Many stray cats are happy and affectionate cats who actually love people but somehow just found themselves in a sad situation. As long as you are cautious of the overall health and body language that the stray cat has, and you always give them the chance to approach you first, there is no reason why you should not interact with an affectionate stray cat.

If you get really lucky, you may even find yourself a new best friend in that sweet little affectionate cat, and you’ll get to bring him or her to their new forever home. Remember that it will always be best to take any stray cats, affectionate or not, that you are planning on owning, to a vet to ensure that they are healthy before taking them home.

So make sure that after using your best judgment on the situation, if the cat seems healthy and friendly, do not hold back the love from future affectionate stray cats that you come across.

If you enjoyed this article, check out a few other interesting articles:

Here are some of my favorite cat products

In addition to checking out some other More Meows articles, I hope you’ll check out some of my favorite cat products as well.  These are affiliate links, so if you end up using them, I’ll get a commission at no extra cost to you.  These are the products I really do find most helpful.

Litter Box:  I started out with normal, traditional litter boxes for my cat.  Then, I tried this automatic litter box on Amazon (affiliate link), which helped reduce the litter upkeep.  Finally, I am now a believer in the Litter-Robot 3 Connect on Amazon (affiliate link).  This robotic litter box is not for everyone based on the price tag, but for me the benefits (very little upkeep, works efficiently, clean, mobile app) far outweighed the cost.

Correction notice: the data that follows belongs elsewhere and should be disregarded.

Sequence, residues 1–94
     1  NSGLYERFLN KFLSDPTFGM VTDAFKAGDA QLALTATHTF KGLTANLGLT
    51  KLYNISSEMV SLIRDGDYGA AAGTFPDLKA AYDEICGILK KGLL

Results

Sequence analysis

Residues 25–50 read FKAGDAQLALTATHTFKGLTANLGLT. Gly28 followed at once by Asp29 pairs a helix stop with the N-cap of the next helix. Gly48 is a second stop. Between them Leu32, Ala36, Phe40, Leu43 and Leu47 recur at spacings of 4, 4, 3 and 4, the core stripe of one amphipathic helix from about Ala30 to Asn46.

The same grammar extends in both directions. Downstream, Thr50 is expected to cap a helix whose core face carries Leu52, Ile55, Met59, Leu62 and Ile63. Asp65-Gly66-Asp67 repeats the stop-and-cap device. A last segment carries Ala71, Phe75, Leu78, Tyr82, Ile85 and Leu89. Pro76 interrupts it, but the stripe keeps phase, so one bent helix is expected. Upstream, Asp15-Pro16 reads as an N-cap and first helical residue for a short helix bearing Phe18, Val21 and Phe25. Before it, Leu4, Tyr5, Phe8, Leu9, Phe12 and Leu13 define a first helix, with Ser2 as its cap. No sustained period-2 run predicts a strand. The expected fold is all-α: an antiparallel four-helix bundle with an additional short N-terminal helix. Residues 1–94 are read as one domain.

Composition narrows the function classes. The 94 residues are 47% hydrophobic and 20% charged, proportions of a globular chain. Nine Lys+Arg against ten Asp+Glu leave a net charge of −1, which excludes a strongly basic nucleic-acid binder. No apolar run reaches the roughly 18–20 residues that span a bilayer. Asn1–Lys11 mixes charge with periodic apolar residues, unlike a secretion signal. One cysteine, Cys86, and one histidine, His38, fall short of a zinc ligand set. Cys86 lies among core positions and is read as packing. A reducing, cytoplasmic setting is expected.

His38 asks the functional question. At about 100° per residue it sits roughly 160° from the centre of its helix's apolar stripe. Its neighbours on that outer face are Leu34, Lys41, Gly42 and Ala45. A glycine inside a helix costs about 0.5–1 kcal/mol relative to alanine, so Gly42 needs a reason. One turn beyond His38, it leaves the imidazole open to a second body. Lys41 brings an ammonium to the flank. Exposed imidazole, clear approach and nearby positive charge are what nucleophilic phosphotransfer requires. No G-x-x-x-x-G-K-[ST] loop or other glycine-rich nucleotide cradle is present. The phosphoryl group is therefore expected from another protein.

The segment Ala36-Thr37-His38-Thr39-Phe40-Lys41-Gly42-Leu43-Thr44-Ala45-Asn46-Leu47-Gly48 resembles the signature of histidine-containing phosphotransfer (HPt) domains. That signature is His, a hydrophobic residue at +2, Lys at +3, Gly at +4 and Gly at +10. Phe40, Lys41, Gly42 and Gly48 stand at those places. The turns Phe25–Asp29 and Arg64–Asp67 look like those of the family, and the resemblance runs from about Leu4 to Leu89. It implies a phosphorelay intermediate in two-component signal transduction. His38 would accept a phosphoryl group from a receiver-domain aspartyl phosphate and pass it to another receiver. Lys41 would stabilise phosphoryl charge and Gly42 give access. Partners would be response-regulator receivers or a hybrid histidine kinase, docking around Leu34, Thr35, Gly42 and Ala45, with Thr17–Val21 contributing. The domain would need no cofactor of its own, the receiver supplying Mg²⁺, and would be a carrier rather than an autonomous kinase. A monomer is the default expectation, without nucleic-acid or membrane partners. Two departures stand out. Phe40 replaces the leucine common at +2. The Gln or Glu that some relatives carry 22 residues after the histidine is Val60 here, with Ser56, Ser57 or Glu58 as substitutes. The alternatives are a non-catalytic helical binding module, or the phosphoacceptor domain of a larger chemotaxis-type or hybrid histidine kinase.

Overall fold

My Cat’s Litter-Robot 3 Connect (with night light on) – See the link above the photo!

Cat Tree:  I have purchased a couple of this Amazon Basics Cat Tree on Amazon (affiliate link).  My cat spends a lot of time on and around this cat tree, which I position near my sofa.  She uses the scratching posts on this cat tree multiple times a day, which means she is not scratching the sofa instead.

Cat Water Fountain:  I love this cat water fountain on Amazon (affiliate link).  There are three main benefits to having a water fountain like this for your cat.  The first benefit is that it keeps water running so that my cat doesn’t need to drink still water.  The second benefit is that it filters the water.  The third benefit is that my cat uses it – keeping my cat hydrated is important.

Christopher Carlson

I have an Domestic Shorthair Tabby named Charlotte. She is full of energy when she isn't sleeping most of the day. I share what I learn about cats on this site.